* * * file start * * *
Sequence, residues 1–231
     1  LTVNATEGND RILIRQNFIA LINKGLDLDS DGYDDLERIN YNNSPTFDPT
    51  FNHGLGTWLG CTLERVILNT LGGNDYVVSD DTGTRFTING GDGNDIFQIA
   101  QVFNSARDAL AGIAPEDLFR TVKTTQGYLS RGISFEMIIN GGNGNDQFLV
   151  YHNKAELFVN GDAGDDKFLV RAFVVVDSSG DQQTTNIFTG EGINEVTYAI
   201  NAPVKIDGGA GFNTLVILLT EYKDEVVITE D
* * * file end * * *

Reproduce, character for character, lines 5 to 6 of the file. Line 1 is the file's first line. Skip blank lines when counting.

   151  YHNKAELFVN GDAGDDKFLV RAFVVVDSSG DQQTTNIFTG EGINEVTYAI
   201  NAPVKIDGGA GFNTLVILLT EYKDEVVITE D